How Biophysics Relates to Sound Waves
The ability of people to produce and hear sound is a very important part of everyday lives. Biophysics tells you what the properties of waves are, and it tells you that sound is a longitudinal pressure wave (in air) that is produced by mechanical vibrations. Biophysics also tells you how people can produce pressure waves for communicating with others and for singing. In addition, biophysics allows you to understand how people receive and analyze the pressure waves absorbed by the ear.
The body has five senses, hearing being one of them. Your ear allows you to hear the pressure waves produced by others and any noise in the frequency range of 20 hertz to 20,000 hertz. Even though your ear can hear over such a large range of frequency, the human voice uses only the frequency range from about 100 hertz to 3,000 hertz.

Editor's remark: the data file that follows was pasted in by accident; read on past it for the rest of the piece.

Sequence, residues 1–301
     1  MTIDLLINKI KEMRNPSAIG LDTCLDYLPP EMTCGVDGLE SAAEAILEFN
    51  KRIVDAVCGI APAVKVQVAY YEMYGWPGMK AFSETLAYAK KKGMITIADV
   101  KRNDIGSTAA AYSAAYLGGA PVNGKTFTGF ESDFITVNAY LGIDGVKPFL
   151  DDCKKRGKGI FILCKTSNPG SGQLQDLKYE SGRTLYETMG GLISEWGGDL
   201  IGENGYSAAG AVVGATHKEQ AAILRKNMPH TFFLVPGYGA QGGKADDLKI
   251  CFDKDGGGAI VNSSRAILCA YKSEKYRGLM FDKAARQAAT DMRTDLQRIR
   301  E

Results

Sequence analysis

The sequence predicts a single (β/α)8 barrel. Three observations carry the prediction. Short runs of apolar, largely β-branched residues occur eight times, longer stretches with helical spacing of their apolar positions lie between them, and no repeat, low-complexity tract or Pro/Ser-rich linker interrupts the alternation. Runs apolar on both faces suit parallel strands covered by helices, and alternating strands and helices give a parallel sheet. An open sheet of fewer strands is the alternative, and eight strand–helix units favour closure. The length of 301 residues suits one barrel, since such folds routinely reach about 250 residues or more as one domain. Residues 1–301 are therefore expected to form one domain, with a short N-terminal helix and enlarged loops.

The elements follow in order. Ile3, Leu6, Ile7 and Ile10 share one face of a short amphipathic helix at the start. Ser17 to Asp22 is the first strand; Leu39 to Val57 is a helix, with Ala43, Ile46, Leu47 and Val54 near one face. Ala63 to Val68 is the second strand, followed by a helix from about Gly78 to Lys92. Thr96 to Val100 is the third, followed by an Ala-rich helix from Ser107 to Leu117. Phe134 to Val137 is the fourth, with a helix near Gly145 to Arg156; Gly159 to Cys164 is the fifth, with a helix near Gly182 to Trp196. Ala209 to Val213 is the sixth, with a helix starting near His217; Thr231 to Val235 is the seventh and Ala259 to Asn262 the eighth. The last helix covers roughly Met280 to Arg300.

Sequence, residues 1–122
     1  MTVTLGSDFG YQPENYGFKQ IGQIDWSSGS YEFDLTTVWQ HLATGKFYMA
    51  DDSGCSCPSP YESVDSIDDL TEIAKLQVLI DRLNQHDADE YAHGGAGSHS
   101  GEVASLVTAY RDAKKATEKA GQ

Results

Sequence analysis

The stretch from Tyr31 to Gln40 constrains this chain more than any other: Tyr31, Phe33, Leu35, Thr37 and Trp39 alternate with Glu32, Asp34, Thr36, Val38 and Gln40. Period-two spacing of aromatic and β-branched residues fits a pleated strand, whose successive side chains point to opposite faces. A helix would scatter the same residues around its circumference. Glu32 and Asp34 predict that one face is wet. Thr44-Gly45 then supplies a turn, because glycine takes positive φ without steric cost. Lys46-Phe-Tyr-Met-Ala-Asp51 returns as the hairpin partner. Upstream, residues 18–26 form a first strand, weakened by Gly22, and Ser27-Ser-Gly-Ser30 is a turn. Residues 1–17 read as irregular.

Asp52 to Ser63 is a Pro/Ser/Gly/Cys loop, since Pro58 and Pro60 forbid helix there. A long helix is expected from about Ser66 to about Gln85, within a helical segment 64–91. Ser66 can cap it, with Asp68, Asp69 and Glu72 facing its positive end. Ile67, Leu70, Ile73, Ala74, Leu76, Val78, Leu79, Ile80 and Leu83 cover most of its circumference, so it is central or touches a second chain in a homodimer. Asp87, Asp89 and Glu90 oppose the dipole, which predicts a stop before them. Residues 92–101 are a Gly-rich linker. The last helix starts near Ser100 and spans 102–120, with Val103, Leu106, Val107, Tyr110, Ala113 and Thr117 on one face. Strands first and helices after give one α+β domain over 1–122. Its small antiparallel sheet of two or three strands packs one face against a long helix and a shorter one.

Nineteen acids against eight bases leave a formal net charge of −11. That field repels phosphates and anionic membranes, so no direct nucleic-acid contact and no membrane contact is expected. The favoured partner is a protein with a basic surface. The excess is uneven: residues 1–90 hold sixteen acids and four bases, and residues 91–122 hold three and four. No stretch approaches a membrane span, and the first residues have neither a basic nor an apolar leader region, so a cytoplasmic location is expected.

The pressures waves in air can be split into three categories, based on human hearing, as follows:
Infrasound: Pressure waves with frequencies below 20 hertz. Some animals, such as whales, produce sound in this frequency range.
Sound or acoustic: Pressure waves in the frequency range of 20 hertz to 20,000 hertz. This is the range of frequencies that the human ear can detect.
Ultrasound: Pressure waves with a frequency greater than 20,000 hertz. Some animals, such as bat,s use this type to hear; it’s also used for ultrasound imaging.